03/18/2010 05:12 am ET | Updated May 25, 2011

Environmentalists Upset Over Oil Industry Input

The Hill reports that lobbyists met with officials at the Office of Management and Budget to discuss altering proposed environmental regulations on a greenhouse gas registry and an ethanol production mandate.

Representatives from companies including Chevron, BP America, Shell and the American Petroleum Institute, attended meetings held by the OMB beginning in August to discuss a proposed Environmental Protection Agency rule that would require companies to disclose their greenhouse gas emissions. No environmentalist groups were present at the meeting.

Though the OMB gets final say on the way the rules are written, five of those meetings occurred in a two-day span just a week before the rules were finalized on Sept. 22, according to The Hill.

From The Hill:

"It demonstrates that this is a very important rule when you see lobbyists for the biggest oil companies lining up at the White House trying to massage the final rule," said Frank O'Donnell, president of Clean Air Watch.

OMB officials said the agency was following an executive order that requires the Office of Information and Regulatory Affairs -- a division within the OMB that signs off on every rule coming out of the federal government -- to meet with "anyone who asks and who is also likely to be regulated under a proposed regulation."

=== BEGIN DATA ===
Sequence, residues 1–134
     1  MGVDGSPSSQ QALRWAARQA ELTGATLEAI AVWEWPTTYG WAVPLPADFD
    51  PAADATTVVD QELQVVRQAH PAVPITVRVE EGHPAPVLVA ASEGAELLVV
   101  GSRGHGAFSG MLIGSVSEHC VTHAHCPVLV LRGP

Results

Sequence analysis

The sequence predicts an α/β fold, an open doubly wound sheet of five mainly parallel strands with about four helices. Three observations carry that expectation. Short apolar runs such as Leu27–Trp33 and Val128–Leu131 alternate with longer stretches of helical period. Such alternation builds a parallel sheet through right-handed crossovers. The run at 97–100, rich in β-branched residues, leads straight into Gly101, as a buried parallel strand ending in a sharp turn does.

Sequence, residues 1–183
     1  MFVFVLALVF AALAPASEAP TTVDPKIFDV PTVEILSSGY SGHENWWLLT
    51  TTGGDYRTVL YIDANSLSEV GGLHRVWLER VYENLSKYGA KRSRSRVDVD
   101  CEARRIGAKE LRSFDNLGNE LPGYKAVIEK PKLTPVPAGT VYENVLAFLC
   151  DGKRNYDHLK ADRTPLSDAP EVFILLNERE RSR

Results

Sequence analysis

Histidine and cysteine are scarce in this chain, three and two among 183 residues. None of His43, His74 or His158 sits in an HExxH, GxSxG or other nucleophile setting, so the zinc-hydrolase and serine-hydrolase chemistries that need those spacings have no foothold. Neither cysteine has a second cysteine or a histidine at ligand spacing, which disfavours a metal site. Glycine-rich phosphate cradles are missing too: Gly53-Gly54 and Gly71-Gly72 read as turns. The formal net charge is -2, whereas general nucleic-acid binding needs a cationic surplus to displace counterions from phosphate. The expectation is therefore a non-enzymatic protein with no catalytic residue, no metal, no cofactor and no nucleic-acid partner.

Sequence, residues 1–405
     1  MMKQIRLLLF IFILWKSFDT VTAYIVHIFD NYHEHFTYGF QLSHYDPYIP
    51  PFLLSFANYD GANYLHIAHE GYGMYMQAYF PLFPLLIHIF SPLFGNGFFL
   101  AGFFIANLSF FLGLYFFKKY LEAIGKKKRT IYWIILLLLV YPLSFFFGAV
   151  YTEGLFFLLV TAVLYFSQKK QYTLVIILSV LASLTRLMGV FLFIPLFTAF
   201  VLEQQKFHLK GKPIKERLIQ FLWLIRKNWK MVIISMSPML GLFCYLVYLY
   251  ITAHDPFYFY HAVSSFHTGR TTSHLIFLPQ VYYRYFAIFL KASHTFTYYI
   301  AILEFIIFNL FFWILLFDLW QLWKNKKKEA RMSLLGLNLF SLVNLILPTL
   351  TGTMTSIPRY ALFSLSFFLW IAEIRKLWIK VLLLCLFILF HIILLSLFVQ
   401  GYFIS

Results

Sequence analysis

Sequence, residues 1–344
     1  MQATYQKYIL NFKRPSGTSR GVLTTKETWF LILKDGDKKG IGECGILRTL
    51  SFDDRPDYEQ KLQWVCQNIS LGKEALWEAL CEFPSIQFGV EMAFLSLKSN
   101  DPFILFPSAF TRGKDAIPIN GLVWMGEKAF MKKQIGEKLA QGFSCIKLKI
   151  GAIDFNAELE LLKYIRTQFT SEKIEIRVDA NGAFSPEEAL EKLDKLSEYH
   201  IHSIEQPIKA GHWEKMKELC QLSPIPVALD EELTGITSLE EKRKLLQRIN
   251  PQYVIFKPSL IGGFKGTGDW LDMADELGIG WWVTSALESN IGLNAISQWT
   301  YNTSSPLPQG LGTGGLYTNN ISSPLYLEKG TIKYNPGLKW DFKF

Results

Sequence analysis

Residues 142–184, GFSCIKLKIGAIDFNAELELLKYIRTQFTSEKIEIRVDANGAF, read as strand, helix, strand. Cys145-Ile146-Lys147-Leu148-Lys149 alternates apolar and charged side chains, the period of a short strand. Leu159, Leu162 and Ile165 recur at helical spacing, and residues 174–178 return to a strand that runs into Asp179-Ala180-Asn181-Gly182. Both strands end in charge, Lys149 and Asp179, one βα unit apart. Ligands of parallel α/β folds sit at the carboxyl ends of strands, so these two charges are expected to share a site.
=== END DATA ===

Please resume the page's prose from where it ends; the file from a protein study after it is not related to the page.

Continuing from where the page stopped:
The OMB has criticized by environmental groups for instructing the EPA to use existing toxicity data rather than require companies to conduct tests to determine if chemicals and pesticides can hurt humans, reports the New York Times.

CropLife America, a pesticide industry group, had petitioned the EPA this year out of concern that "unnecessary and redundant testing" could occur if the agency doesn't review data already submitted by pesticide registrants.

The OMB issued a directive that the additional testing was unnecessary, much to the ire of environmentalists.

"This is really short-sighted of OMB, and it indicated to me they don't understand the science or the toxicology," said Peter deFur, an environmental scientist